So I was all ready to take up the questions that closed my last post — Who’s an evangelical? and What shapes their response to issues like the refugee crisis? — when the National Association of Evangelicals and LifeWay Research announced their own answer to the first question. As reported by Bob Smietana of Christianity Today: “Evangelicals are people … More Who’s an Evangelical?
5/15/15 – Yes, I know it’s actually Friday night, but episode 5 of The Pietist Schoolman Podcast went up yesterday on iTunes and the Christian Humanist website. In addition to physicist Dick Peterson talking about his chapter in our book, we expanded our conversation of Christian higher ed to the visual arts, thanks to artist Ken Steinbach.
If not, this week is a great time to check in with Past & Presence, the weekly webisode series that Sam Mulberry and I have been producing with our colleagues and students in the Bethel University History Department. Today’s episode — #9 — is just packed with good stuff: As usual, I moderate everything with interstitial clips in … More Have You Seen Our Department Webisode Yet?
We’ll have some new guest posts at the end of the week, but little from me while I spend Bethel’s spring break in Virginia with my parents. But it’s been a while since I’ve reposted any “best of” material, so I’ll share one from each year this blog has been published — in part to … More Best of The Pietist Schoolman: Emmaus Education
Okay, let’s go back to Wesleyan University president Michael Roth’s claim that while he wants his students (even fellow secularists) to engage with religious ideas and feelings, he certainly isn’t “trying to make a religious believer out of anybody.” But as a Christian historian — and as a professor at a Christian college — aren’t … More Am I “Making Religious Believers” Out of My Students? (part 2)
What is the purpose of Christian higher education? There is, of course, no single answer to the question. In any college, or any of its departments or programs, or of their required or elective courses and the individual class sessions that compose them, there are multiple objectives. But running through all of them, in our Pietist vision of Christian higher education, … More Pietist Vision Previews: Education as Conversion
Whatever concerns I have about how Angelina Jolie brings Louie Zamperini’s story to the screen, I’m less interested in discouraging movie-going than in encouraging book-buying. If you haven’t read it yet, I heartily recommend Laura Hillenbrand’s Unbroken, based on extensive primary source research and numerous interviews with Zamperini (who died earlier this year, four after the book came … More Unbroken: The Meaning of Conversion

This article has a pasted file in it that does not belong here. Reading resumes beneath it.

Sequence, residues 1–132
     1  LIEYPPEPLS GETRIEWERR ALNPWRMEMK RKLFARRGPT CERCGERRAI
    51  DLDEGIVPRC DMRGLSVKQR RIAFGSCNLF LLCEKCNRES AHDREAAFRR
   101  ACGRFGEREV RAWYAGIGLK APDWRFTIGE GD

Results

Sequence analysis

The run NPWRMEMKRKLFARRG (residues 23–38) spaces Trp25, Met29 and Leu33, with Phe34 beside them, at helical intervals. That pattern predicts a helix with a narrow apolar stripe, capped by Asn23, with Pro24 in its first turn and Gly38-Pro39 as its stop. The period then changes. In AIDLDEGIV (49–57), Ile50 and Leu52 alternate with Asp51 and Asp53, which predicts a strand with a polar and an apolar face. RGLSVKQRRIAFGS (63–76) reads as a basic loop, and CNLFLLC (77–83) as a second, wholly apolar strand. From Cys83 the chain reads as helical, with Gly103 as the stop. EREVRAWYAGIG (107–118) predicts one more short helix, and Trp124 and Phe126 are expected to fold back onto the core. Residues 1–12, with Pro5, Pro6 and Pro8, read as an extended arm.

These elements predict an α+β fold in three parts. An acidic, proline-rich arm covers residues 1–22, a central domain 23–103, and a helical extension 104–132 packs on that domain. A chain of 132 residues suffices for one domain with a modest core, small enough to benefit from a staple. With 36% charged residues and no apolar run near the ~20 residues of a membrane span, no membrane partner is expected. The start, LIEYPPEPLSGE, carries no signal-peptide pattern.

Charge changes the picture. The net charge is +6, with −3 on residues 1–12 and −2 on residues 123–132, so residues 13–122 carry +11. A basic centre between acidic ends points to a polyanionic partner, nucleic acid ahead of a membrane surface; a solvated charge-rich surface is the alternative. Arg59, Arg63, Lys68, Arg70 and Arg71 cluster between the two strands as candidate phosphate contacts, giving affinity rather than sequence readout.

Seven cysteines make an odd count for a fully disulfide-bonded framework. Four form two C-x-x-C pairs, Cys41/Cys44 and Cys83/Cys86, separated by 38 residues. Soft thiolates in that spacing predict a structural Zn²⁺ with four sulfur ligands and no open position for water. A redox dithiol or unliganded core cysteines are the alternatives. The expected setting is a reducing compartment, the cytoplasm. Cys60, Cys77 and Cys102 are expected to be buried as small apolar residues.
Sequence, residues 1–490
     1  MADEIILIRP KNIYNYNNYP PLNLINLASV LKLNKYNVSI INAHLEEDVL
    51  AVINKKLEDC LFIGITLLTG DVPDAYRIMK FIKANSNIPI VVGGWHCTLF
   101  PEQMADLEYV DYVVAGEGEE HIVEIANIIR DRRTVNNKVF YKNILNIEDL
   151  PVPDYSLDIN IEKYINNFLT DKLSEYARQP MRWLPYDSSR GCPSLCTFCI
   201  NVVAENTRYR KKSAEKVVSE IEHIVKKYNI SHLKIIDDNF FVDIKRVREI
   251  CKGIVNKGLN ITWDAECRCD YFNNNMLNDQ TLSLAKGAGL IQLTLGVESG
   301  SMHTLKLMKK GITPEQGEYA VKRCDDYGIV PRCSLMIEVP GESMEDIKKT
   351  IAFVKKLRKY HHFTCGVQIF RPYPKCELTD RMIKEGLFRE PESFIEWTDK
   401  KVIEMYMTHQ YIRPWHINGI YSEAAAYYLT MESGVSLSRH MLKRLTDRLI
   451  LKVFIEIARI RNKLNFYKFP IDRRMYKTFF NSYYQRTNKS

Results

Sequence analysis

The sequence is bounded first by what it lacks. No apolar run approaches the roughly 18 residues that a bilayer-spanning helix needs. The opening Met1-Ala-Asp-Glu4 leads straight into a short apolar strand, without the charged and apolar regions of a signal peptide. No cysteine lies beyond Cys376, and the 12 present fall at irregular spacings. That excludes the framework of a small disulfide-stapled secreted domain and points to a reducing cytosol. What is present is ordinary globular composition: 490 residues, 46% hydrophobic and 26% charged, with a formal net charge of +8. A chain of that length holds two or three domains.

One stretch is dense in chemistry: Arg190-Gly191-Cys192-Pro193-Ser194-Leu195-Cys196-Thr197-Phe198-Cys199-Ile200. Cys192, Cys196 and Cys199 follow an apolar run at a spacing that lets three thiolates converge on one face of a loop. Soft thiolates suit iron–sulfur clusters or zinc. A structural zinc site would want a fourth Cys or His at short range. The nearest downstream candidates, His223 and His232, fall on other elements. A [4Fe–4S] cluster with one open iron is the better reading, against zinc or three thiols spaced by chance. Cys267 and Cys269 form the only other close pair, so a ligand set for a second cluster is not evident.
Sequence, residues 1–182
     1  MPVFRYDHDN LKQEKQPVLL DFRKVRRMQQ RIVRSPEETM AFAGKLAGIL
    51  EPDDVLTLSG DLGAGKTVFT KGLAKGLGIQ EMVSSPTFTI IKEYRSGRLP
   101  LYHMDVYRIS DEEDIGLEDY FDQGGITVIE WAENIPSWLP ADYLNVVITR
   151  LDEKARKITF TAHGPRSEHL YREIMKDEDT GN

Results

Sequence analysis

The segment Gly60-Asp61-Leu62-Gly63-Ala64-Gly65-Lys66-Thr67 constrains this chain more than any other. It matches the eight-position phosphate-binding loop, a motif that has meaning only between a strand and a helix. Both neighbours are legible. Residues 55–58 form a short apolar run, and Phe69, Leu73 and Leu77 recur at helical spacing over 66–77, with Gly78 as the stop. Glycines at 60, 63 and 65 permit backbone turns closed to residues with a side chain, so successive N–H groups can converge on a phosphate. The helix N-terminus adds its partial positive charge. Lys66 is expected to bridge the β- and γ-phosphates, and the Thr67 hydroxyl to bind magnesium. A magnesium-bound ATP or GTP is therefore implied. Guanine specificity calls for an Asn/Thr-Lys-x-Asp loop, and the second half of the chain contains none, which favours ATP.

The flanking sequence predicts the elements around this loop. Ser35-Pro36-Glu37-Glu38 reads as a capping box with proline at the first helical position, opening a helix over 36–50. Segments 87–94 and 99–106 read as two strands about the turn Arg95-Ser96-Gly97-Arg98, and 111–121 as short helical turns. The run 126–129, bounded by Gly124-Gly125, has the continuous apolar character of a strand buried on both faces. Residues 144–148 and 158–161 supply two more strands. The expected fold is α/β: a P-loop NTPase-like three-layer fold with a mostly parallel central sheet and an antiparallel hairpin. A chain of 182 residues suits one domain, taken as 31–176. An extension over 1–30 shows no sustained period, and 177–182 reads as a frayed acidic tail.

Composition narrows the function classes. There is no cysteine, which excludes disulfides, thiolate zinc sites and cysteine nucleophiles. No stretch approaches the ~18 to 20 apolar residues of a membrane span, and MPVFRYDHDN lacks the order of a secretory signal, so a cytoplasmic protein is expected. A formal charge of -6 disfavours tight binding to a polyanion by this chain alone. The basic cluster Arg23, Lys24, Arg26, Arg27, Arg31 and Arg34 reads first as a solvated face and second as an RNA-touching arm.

From this past June: my three-part attempt to explain my little-known, fast-growing denomination, and why it’s so distinctive. This past June I flew from Minneapolis-St. Paul to Chicago, where I represented my congregation at Gather ’14, the annual meeting of our denomination, the Evangelical Covenant Church. “What’s the Evangelical Covenant Church?” at least one person just asked. … More Best of The Pietist Schoolman: What’s the Evangelical Covenant Church?
It’s going to be an unusually busy summer week for this college professor, so in place of new posts, enjoy a few of my favorites from the first half of 2014. We’ll start with my attempt to sketch a Pietist alternative to the scholarly model known as “faith-learning integration” — a three-part series that represented … More Best of The Pietist Schoolman: A Pietist Model of Christian Scholarship
So what’s this small but fast-growing denomination called the Evangelical Covenant Church? When I asked Facebook friends from the Covenant to suggest a sentence or two, I received several suggestions. I won’t repeat them all, but two common themes emerged. Most everyone appealed to figures or slogans from European history, and they described the Covenant as a group of people, … More What’s the Evangelical Covenant Church? “Missional Pietists”